You left out a lot in your post, Jim. "They [the police] arrived in a marked patrol car which was parked in front of the house, and they announced themselves after they opened the door but before entering."
https://www.nytimes.com/2006/11/23/us/23atlanta.html?_r=1
"In a news conference Wednesday, Assistant Chief Alan J. Dreher of the Atlanta Police Department said his officers had returned fire after Ms. Johnston shot three of them."
So they opened the door, announced they were police and she fired on them striking Officers Gary Smith, 38, Gregg Junnier, 40, and Cary Bond, 38.
"Chief Dreher said the officers, who were released from the hospital on Wednesday, had been placed on administrative leave with pay while the shooting is investigated."

George Croix

The reason that Law Enforcement would consider taking a suspected criminal by surprise is pretty much the same as why the Military does not usually notify it's enemies it's about to attack them. Not always, but with pretty good reason when done....

And the guy with the sword was not killed BECAUSE of the no knock itself, he was killed because he failed to put down a deadly weapon when told to do so by Police.
Sword against gun, you say? There are multiple videos showing just how easy it can be for a man with a knife as far as 20' away to close on and even make contact with a man with a firearm.

If no knocks were to be abandoned, then do so for reasons other than those two....imo, as always

Emile Pope

Law enforcement is not the military. People suspected of crimes are not enemies.

George Croix

You are not a firefighter, but you can use their techniques to discharge an extinguisher so you are not harmed or make the fire worse doing so.
You are not an electrician, but you probably can change a light bulb like one would.
You are not a doctor but you can put on a bandaid for the same reasons and in the same way they would......

I'm glad to know that President Donald Trump is not your enemy, or anybody else's....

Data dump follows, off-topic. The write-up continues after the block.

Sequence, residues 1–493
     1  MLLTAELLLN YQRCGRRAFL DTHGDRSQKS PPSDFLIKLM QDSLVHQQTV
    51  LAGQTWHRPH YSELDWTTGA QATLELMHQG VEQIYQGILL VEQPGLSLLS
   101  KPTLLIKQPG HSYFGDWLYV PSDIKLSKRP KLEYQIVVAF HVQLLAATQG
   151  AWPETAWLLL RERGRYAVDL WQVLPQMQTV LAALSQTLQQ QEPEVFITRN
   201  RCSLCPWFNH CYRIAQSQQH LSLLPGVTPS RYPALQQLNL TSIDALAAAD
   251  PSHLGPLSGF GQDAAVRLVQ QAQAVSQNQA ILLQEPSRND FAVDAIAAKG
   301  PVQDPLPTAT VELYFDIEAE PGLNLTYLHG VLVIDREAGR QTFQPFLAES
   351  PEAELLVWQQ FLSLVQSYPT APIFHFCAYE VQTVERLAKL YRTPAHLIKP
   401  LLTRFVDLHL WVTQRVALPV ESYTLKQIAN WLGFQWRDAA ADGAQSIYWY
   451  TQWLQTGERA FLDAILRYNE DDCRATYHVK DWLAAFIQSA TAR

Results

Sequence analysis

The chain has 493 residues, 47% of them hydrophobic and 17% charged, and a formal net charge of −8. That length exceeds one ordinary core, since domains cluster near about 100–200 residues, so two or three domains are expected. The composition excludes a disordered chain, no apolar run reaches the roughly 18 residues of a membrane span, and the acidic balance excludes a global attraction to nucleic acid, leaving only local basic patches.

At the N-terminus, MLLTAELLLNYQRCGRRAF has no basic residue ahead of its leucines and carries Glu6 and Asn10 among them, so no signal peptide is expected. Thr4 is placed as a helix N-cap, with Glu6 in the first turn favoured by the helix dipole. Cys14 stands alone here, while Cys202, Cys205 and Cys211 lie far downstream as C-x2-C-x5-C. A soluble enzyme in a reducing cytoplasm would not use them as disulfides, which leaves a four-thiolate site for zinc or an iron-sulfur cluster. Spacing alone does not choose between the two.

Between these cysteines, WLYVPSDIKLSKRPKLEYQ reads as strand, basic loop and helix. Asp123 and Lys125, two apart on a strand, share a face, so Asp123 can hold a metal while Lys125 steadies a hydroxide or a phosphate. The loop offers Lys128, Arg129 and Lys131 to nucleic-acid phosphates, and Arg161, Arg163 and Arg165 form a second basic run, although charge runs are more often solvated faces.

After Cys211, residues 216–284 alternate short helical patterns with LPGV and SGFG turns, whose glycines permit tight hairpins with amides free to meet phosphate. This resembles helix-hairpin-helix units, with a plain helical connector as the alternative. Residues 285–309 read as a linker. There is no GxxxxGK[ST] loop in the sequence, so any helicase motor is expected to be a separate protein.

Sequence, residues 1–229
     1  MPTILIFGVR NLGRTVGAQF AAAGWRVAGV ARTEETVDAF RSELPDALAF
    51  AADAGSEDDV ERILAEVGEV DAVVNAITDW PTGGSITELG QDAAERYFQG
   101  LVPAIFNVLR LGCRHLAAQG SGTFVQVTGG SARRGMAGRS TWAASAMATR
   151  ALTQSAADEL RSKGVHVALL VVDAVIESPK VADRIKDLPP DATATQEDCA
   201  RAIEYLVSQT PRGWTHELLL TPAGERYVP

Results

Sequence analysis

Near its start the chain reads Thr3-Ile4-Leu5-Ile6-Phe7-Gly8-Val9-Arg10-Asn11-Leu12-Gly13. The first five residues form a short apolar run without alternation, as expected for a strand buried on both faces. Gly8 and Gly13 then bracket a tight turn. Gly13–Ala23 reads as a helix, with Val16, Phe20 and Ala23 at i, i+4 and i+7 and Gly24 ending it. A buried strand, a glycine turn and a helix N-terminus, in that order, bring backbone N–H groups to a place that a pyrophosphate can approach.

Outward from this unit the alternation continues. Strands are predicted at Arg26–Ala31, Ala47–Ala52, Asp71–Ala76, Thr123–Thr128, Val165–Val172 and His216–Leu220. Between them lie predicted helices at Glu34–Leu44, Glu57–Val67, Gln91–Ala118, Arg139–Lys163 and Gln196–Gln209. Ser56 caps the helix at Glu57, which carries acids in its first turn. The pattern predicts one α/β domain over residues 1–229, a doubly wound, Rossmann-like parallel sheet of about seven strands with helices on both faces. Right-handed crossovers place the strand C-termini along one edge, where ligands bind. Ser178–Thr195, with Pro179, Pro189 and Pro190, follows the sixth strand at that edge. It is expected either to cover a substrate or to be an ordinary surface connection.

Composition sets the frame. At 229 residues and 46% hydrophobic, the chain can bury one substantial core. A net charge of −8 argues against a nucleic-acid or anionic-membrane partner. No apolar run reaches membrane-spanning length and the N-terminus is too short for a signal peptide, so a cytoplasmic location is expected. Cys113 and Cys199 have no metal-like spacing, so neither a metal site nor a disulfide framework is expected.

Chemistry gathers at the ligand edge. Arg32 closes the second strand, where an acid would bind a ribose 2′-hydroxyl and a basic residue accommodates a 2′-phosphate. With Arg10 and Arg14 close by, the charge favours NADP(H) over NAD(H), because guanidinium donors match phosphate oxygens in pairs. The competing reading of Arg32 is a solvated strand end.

Emile Pope

Using tactics that soldiers use against people they are at war with against people suspected of breaking the law is beyond laughable...and I am an electrician...

George Croix

Well, that's certainly a surprise............I'd have never guessed in a million years...

But, the good news is you're not a tactician, responsible for keeping others from getting perforated unnecessarily....
Maybe a boxer?
"Hey, Joe Frasier, I'm going to come at you with a left cross then a right uppercut then..." BAM!!....Say goodnight, Mr. Laughable...... [beam][beam][beam]

Emile Pope

You were wrong yet said it with such certainty. Seems to fit a pattern...

George Croix

You might be right, Pope.
I know of no other person who so reliably fits a predictable pattern or being wrong with stated self-certainties than you, and subject matter experts should be considered.....

George Croix

ps:
It's just IMO, but I don't want a dime of my tax money paying for dopers to live their lives in peaceful addiction UNLESS they agree to be placed in a secluded and secure guarded location where they can't possibly harm anyone else either physically or mentally or by association and THEN let Uncle Sam supply all of the escape from reality substances they want until the day they die....which with unlimited supply would come sooner than later....

But, I admit I despise dopers, so my opinion is definitely prejudicial.......

horace norris

we are doomed these days.....and the thinking behind this article is proof....

Rusty Schroeder

Anyone remember Elian Gonzalez ? Bill Clinton, Janet Reno, and the FBI ,,,, now that was a raid.

George Croix

Remember who her Deputy Ag was?
Same guy who 'had the back' of his buddy the President years later, rather than the backs of the people he was sworn to be looking out for.....
Same guy who was sent by his Police hating boss along with about 150 Justice Dept. lawyers to Ferguson to try and find any dirt on the Police to avoid admitting a strong arm robber punk who was trying to get a Policeman's gun away from him got killed lawfully.....
Same guy who lied to Congress (but, no special counsel appointed...) about his part in getting a Border Patrol agent killed and refused to turn over evidence and was Held in Contempt by the US House, with 17 members of his own Party voting for that.....

Ah, nothing like a walk down memory lane on a rainy day....[whistling]

Rusty Schroeder

Yes I do, Eric Holder. Ironic doesn't come close ….[batman]